(The Center Square) – Washington state Attorney General Bob Ferguson has announced that the office’s Sexual Assault Kit Initiative has finally cleared more than 10,000 kits and sent to labs for testing.
“Effectively ending our sexual assault kit backlog is a historic step toward justice, but our work on behalf of survivors is not done,” Ferguson said.
According to the AGO, the kits have helped solve 21 sexual assault cases, with the possibility of more cases solved as more kits are tested.
“Today’s announcement is a powerful announcement of government leaders coming together to solve a major challenge and deliver justice for survivors,” Ferguson said at a Thursday afternoon press conference.
The AGO received $3 million from the U.S. Department of Justice in 2017 after applying for the Sexual Assault Initiative Grant, which led to the creation of the SAKI Team within the office. A year later, the team completed its inventory of untested kits.
In total, testing has resulted in 2,100 “hits” within the national DNA database, which means a DNA sample matched that of someone’s in the database.
“It was not a small task,” Ferguson said. “But by working together, we’ve been able to honor the courage of the survivors who submitted to what is most assuredly, a very invasive process. Of course, we need to make sure that we stay on top of this, that we’re vigilant.”
The state Legislature in 2015 enacted a law sponsored by Rep. Tina Orwall, D-Des Moines, requiring law enforcement to have all sexual assault kits submitted for testing within a month, and that they be tested by the labs within 45 days of receiving them.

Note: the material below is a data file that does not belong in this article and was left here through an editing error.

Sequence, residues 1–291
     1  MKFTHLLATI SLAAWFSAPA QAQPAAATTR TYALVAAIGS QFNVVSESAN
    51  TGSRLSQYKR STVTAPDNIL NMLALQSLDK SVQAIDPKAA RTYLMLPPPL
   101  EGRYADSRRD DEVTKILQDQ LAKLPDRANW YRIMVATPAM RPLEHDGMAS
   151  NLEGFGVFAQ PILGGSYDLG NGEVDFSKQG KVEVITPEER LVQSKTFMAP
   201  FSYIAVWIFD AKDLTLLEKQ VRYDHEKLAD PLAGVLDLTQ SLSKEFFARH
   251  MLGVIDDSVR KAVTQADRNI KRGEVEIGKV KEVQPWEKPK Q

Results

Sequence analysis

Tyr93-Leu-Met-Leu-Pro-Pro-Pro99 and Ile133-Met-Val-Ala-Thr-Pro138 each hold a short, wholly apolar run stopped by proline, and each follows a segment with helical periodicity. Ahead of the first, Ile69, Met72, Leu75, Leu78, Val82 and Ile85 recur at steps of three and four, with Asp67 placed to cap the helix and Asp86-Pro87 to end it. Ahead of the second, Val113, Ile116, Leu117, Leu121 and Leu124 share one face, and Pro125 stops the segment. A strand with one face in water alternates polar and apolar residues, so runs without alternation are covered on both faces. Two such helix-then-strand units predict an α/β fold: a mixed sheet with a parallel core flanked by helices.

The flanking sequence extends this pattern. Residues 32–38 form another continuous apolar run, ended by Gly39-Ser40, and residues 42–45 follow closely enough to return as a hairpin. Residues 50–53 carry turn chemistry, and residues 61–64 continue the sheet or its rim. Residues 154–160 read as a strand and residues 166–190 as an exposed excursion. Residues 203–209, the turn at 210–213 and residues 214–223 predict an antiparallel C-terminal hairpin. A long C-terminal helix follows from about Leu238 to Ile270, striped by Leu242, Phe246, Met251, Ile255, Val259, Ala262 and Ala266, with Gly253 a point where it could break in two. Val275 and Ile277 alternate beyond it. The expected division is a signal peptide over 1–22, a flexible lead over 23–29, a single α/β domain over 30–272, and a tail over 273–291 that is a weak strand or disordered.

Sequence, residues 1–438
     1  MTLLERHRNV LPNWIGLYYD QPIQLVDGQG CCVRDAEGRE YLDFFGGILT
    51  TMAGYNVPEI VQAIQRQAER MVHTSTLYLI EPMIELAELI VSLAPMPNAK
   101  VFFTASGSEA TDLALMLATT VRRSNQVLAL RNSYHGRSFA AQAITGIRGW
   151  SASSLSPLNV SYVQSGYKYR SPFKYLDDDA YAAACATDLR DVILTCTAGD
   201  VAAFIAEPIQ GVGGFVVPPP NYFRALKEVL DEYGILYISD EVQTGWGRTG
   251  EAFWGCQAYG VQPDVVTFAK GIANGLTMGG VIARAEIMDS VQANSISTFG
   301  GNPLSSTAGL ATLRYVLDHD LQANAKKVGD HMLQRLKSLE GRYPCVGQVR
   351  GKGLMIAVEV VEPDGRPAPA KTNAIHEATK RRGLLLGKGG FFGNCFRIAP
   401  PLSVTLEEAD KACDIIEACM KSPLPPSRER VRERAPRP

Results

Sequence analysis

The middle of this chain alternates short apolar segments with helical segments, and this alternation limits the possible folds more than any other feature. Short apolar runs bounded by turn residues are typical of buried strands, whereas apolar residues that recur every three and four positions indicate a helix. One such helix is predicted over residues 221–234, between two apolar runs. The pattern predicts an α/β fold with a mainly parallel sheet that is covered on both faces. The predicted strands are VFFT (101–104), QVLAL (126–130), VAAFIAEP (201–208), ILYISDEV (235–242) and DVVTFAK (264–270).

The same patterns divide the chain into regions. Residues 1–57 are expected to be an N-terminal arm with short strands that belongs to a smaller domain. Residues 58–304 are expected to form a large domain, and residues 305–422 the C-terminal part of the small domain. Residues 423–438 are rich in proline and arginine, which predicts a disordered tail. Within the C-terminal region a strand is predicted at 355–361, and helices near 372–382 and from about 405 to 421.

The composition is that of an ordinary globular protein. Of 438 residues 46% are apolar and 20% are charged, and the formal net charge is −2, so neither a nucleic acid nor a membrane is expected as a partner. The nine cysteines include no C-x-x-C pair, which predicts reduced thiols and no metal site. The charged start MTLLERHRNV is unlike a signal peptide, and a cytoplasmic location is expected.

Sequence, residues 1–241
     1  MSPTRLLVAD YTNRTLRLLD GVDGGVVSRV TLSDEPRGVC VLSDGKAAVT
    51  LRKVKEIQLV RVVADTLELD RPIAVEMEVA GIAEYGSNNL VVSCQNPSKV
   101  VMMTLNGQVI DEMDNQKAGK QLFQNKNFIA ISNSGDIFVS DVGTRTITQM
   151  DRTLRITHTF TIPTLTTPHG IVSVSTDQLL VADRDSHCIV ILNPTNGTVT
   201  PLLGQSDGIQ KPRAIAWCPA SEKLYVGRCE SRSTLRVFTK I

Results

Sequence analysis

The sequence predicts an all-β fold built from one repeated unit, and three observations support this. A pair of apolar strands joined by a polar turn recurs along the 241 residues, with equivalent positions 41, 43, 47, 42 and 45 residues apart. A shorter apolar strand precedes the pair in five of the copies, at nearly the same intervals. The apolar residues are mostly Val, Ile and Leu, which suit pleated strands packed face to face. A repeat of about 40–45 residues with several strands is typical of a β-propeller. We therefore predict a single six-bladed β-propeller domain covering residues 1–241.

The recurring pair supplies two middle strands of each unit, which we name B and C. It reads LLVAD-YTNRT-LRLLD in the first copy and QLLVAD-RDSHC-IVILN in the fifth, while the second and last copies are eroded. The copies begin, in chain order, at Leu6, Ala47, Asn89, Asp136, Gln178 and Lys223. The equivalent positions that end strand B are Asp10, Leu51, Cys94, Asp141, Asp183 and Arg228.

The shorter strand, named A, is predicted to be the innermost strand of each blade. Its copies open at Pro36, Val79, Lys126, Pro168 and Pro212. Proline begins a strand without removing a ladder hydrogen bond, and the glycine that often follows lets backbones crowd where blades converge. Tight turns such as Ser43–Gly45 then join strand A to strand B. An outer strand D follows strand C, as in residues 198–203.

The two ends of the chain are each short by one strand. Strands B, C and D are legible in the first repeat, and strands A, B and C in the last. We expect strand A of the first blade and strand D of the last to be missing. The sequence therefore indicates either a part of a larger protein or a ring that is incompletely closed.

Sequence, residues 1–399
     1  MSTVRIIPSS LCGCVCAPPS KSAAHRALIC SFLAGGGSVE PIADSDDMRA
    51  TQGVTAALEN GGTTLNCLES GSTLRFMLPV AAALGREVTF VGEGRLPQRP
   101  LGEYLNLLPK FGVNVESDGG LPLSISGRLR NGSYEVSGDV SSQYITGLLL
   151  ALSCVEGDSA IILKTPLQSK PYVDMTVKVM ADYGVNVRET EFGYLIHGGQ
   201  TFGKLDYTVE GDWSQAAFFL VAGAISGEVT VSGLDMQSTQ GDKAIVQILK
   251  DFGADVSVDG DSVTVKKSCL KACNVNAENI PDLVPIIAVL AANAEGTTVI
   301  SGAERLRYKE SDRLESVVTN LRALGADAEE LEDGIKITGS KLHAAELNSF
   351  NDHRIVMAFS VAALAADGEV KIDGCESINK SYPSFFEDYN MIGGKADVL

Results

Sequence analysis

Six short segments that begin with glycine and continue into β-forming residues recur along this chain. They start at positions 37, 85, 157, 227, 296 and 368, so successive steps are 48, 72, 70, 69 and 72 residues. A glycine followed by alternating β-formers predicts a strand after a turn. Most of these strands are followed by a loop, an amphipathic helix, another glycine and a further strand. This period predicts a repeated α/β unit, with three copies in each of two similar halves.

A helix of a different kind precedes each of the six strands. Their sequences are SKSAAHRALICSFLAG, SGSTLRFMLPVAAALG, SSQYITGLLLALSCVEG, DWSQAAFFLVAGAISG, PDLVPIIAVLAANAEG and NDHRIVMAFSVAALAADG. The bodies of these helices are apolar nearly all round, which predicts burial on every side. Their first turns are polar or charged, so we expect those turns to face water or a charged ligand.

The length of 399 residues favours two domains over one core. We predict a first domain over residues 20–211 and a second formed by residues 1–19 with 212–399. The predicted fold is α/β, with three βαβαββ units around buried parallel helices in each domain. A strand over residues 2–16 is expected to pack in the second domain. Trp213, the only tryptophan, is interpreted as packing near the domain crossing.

“Each of those kits was a survivor whose voice was never heard, that never had a pathway to justice,” Orwall said at the press conference. “We’re here to close that chapter. What I would say to the survivors is ‘We’re so sorry, the system failed you, but we’ve also created a system to make sure that never happens again in Washington state.’”
Speaking on the collaboration between different state agencies, Washington State Patrol Public Information Officer Chris Loftis said at the press conference that “one of the messages that we want to deliver is that when we come together, whether it’s from the left side of the political spectrum or the right, whether it’s whatever group it is, when we come together, and we work together, we can accomplish great things. When government focuses on a problem, when government focuses on the people that serves, it can get things done.”
The AGO’s Sexual Assault Forensic Examination Best Practices Advisory Group offers recommendation on best practices for handling sexual assault investigations. Its most recent meeting was on Tuesday, and its last report to the Legislature came out in December 2022.